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Cancer: living standards, a decisive factor in inequalities – 15/04/2019



We are not all equal to the risk of cancer. Lifestyle really affects lifestyle-related risk factors (sedentary lifestyle, junk food, smoking …). IARC experts from WHO in Lyon provide information on this issue.

Cancer can originate from genetic predisposition and result from a lack of hygiene in everyday life. Overweight, lack of physical activity, so-called Modifiable risk factors, standard of living and exposure to cancer?

The most diagnosed developed countries

According to IARC * " Reducing social inequalities in cancer: Evidence and priorities for research Posted on April 12, " the incidence of tumors is higher in developed countries compared to countries with low to moderate income levels “. This overexposure is the result of a lifestyle that is in a good working environment (excessive nutrition compared to energy expenditure, excess processed food in supermarkets, tendency to inactivity in employment, etc.).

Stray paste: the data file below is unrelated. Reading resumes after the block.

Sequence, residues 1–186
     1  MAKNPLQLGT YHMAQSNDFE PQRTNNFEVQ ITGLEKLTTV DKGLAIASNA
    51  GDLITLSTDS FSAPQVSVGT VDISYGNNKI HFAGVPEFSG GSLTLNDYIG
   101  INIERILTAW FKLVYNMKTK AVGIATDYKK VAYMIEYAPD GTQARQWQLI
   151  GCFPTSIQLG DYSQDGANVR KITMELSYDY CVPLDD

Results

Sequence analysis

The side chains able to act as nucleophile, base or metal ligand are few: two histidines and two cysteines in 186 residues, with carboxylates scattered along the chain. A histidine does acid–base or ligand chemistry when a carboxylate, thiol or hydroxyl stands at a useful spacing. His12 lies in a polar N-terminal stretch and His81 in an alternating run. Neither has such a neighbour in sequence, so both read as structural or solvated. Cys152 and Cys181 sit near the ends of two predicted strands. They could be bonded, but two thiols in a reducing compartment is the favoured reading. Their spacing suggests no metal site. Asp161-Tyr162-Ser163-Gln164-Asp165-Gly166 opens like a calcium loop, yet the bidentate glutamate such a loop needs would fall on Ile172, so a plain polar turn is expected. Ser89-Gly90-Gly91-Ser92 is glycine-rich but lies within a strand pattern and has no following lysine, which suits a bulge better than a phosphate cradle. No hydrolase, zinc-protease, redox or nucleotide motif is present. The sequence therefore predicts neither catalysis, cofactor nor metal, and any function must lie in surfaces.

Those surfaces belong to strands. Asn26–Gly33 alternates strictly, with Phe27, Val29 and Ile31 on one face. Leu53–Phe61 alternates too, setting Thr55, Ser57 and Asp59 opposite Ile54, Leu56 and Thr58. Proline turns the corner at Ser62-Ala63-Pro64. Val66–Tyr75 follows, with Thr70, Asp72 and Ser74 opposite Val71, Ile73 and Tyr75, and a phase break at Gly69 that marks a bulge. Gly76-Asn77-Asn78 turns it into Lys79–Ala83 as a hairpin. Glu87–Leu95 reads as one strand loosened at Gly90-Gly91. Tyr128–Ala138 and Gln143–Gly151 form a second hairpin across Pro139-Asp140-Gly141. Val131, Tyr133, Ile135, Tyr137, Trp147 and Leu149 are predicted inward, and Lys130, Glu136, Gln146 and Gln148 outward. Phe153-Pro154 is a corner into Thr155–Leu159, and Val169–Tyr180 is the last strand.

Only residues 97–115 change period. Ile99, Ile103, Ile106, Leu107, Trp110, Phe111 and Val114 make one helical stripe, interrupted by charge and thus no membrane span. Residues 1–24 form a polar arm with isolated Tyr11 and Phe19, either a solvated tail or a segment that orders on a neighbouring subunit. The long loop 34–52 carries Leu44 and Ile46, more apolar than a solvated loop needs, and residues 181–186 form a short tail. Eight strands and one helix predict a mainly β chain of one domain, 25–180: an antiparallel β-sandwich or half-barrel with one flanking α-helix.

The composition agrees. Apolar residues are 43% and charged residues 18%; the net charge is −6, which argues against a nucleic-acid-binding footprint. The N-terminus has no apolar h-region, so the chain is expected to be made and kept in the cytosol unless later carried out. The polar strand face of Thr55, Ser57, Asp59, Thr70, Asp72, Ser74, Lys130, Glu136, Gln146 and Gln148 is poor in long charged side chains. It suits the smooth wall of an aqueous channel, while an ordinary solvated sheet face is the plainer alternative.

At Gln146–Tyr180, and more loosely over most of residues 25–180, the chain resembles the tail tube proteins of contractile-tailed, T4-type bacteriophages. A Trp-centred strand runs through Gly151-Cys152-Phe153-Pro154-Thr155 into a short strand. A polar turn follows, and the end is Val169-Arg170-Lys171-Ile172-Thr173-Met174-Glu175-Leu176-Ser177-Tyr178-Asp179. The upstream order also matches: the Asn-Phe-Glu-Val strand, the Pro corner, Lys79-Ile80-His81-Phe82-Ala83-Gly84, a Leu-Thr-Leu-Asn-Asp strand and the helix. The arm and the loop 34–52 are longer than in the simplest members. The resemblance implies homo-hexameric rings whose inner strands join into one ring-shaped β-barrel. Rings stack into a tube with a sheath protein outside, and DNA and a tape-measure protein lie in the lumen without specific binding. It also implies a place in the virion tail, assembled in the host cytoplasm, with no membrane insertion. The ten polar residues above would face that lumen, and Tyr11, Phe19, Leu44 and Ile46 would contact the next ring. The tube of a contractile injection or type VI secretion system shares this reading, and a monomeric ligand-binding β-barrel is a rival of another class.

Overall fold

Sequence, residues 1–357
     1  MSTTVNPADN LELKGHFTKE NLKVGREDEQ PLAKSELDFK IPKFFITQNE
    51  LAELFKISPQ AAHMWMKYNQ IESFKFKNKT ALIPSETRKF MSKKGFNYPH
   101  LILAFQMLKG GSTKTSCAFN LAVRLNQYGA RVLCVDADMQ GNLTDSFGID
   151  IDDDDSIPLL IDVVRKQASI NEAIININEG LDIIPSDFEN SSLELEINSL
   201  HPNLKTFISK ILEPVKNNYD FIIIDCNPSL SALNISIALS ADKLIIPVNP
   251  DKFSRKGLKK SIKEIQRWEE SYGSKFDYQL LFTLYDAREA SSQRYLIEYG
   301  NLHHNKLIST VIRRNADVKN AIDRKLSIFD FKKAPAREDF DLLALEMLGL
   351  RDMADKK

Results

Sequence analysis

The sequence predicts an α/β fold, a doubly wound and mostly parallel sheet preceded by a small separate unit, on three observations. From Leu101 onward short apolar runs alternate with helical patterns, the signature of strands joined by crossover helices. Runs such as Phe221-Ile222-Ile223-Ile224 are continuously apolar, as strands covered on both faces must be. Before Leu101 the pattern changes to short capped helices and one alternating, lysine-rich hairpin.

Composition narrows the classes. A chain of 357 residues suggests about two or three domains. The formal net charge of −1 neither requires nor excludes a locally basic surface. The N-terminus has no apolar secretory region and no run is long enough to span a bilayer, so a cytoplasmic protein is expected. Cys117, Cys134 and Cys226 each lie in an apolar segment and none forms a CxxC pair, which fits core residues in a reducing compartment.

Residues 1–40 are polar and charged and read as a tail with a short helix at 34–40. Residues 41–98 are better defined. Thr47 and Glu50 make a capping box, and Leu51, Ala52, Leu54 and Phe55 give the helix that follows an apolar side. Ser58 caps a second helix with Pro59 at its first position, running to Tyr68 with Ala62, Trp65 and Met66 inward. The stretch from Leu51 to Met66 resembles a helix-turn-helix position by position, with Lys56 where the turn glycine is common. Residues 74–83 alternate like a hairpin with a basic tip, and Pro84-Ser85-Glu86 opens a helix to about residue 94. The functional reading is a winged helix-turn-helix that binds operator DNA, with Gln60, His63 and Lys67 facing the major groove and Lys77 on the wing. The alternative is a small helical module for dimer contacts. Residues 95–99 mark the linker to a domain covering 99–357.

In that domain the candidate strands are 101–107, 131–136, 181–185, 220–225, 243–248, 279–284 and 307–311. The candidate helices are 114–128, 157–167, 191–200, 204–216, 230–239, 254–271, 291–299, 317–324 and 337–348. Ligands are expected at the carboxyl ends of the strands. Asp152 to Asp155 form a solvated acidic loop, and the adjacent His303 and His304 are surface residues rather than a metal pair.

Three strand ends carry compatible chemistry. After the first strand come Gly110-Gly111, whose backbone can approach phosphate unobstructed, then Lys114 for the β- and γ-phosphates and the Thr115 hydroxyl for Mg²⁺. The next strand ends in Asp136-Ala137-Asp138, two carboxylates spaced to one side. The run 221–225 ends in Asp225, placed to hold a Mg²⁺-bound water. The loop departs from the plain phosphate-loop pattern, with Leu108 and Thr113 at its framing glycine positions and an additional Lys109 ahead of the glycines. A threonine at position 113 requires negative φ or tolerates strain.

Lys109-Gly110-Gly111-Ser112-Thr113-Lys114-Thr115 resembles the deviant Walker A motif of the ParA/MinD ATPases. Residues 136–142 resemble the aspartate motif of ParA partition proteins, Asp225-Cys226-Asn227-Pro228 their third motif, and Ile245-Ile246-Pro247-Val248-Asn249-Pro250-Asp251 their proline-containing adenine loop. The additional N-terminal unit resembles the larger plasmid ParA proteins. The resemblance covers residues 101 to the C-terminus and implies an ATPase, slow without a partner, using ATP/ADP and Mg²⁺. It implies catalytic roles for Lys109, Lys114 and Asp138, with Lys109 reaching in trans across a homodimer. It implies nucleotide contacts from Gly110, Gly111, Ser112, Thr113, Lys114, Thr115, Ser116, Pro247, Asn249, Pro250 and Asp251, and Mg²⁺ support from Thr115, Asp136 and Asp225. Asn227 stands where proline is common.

Evidence of these figures is that the annual cancer incidence is 300 per 100,000 in Australia and New Zealand, North America and Western Europe. Barely 100 out of 100,000 in India, Gulf and Sub-Saharan Africa.

But cancer mortality in poor countries remains similar, sometimes even higher, compared to developed territories, because " lack of access to screening and treatment "She says Dr. Salvatore Vaccarella **, scientist at the International Agency for Research on Cancer (IARC). Globally, 25% of the population do not have access to quality cancer surgery.

Lack of education weakens women

The impact of a low standard of living on the chances of survival is specific. For example, in Colombia, women with low levels of education are five times more likely to die from cervical cancer than women with the same disease.

Finally, modifiable risk factors seem to concern disadvantaged sections of the population: in 2014 in the United States 30% of men living below the poverty line were smokers, compared with 18% of those living above the poverty line “.

To improve the situation, IARC experts propose the establishment of new databases to monitor the correlation between lifestyle and cancer. But also to strengthen prevention around the world.

To note : click here to learn more about the differences in cancer in France.

* According to 70 scientists from the International Agency for Research on Cancer * (IARC) WHO in Lyon
** epidemiological group of infections and cancers


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